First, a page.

Placeholder Alt Text

Not your grandfather’s two-by-fours: A new exhibition showcases modern wood construction

Here we are in the year 2016, getting ready to ride in robot cars and eat meat grown in labs, but a skyscraper built out of wood still seems outlandish. Why? Wood is one of the world’s sturdiest and most versatile building materials. It has a single raw ingredient that doesn’t require intensive energy to produce: trees. The Horyuji temple precinct in Japan has wood structures that have been standing since about 700 AD. The onion-domed wooden churches on Russia’s Kizhi Island date to the early 18th century.

Today we have an innate distrust of tall wood buildings, a sense that they’ll roar into flame at the first spark. This distrust is, in part, a legacy of terrible 19th-century conflagrations like the Chicago Fire of 1871 and the Boston Fire of 1872. Those disasters and others led to the adoption of fire codes that prohibited wood structures above a certain height, saving lives in the process.

But it’s the 21st century, and a new exhibition at the National Building Museum in Washington challenges us to let go of our fear and embrace the future. The structural wood products that have recently entered the market are not your grandfather’s two-by-fours. Engineered timber beams have been proven in tests to be just as fireproof as steel, and arguably more so, since their cores as less likely to melt in a fire. They are also surprisingly strong.

In 2009, a nine-story apartment block in London was completed with an all-wood structure—load-bearing walls, floor slabs, elevator cores. Building with modern timber calls for a front-loaded process, which begins with sustainable forest management and expert milling (in close collaboration with the architect), and ends with a relatively quick assembly of prefabricated components. In other words, it changes how materials are sourced and how buildings are built. An overused cliché seems warranted here: Mass timber (the catch-all term for a host of different products) could disrupt the design and construction industries.

On display through May 21, 2017, Timber City occupies a single long room and part of the adjacent hallway on the second floor of Washington’s cavernous National Building Museum. Happily, wood is both the message and the medium in the exhibition design, by Yugon Kim and Tomomi Itakura of the Boston-based firm IKD. Information is presented on tall wooden boards propped against the walls. Large wood lozenges, stacked like pennies, hold the models. It’s a tactile and even olfactory show: Visitors can run a hand down a curved glu-lam beam, count the layers in a sandwich of cross-laminated timber (CLT), and compare laminated veneer to laminated strand lumber. Groups of tree stumps at either end of the room let you sit down for a moment to sniff the air (with so much wood, the room smells great).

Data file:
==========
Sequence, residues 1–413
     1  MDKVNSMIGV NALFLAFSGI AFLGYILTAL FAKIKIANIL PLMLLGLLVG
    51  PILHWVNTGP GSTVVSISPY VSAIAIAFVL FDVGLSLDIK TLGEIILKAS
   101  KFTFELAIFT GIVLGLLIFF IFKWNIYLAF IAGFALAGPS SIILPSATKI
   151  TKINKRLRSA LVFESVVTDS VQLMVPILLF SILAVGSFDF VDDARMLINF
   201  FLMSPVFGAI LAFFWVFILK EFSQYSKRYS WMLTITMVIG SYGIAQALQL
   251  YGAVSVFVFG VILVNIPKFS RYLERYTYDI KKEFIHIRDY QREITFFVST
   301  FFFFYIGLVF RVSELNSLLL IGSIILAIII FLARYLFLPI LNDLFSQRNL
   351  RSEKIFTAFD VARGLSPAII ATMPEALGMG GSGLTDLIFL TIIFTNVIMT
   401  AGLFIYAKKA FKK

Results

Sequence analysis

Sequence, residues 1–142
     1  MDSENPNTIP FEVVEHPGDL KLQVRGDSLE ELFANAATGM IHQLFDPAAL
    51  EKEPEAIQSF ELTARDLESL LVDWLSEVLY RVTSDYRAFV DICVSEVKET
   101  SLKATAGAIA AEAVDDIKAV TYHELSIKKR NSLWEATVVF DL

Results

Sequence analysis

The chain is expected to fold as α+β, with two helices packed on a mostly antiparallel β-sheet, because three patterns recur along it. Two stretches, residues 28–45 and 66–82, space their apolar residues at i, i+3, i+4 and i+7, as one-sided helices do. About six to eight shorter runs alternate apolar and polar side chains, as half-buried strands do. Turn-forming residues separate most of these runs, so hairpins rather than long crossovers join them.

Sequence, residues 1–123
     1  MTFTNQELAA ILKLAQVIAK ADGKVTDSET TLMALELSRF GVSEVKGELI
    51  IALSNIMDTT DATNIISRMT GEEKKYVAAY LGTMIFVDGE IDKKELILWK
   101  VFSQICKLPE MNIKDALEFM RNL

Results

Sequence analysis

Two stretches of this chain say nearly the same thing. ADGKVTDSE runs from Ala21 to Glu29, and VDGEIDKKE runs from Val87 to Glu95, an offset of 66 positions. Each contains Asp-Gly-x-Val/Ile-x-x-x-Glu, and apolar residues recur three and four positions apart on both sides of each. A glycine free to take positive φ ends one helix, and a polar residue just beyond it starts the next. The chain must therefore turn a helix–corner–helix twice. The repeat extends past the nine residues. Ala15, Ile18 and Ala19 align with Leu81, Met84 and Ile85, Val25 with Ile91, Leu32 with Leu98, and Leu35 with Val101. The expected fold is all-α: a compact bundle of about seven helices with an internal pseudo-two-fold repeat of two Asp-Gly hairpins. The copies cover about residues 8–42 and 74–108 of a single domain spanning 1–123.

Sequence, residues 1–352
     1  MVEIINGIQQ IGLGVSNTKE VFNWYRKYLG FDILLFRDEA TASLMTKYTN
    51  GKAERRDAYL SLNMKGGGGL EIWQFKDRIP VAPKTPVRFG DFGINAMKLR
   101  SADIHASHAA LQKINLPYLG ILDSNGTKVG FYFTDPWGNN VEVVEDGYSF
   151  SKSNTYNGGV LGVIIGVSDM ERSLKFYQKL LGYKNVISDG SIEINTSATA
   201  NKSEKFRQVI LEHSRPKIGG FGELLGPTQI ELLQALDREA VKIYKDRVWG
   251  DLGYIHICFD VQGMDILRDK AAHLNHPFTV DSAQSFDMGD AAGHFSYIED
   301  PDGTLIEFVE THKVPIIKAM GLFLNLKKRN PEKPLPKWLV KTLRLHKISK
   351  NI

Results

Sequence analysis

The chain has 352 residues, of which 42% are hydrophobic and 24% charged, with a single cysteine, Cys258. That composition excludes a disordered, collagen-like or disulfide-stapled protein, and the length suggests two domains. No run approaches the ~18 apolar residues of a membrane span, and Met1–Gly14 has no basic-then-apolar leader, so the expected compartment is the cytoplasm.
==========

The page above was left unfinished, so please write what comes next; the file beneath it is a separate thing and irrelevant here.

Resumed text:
Among the projects featured is a carousel pavilion in Stamford, Connecticut, that is just shy of completion, and a charter school in New Haven that opened a few months ago, both by Gray Organschi Architecture. The model of the carousel pavilion shows the undulations of precisely milled CLT in a cupola with three skylights, supported by a glu-lam rim beam. The UMass Design Building by Leers Weinzapfel Associates, now under construction in Amherst, Massachusetts, also makes extensive use of timber, including in its zipper-trussed atrium.

Those structures don’t exactly pierce the sky (the Design Building is four stories). But Framework, a project by Lever Architecture, will rise to 12 stories after it breaks ground next year in Portland, which will make it the tallest timber structure in the United States so far. Framework and another wood tower design by SHoP Architects, 475 West 18th (planned for a site on the High Line), won a prize from the U.S. Department of Agriculture, which is promoting tall timber—another sign this is not a passing fad.

For a small show, Timber City packs in a lot of information, and at times I wished it had more space to breathe. The Timber Over Time mural on one of the short walls is based on a clever conceit: It presents the history of wood construction through concentric tree rings. But as elsewhere, the text is small and dense. A board explaining the “forest-to-frame” life cycle is compelling—it really does seem to be a virtuous circle, with trees harvested at their carbon-storing peak, milled with little waste, and replaced by new growth—but I missed a more vivid sense of how trees become beams and boards. Too bad there wasn’t room to show footage from inside a factory or a time-lapse video of one of the buildings going up. (There is, however, a neat case of different wood byproducts that explains their uses.)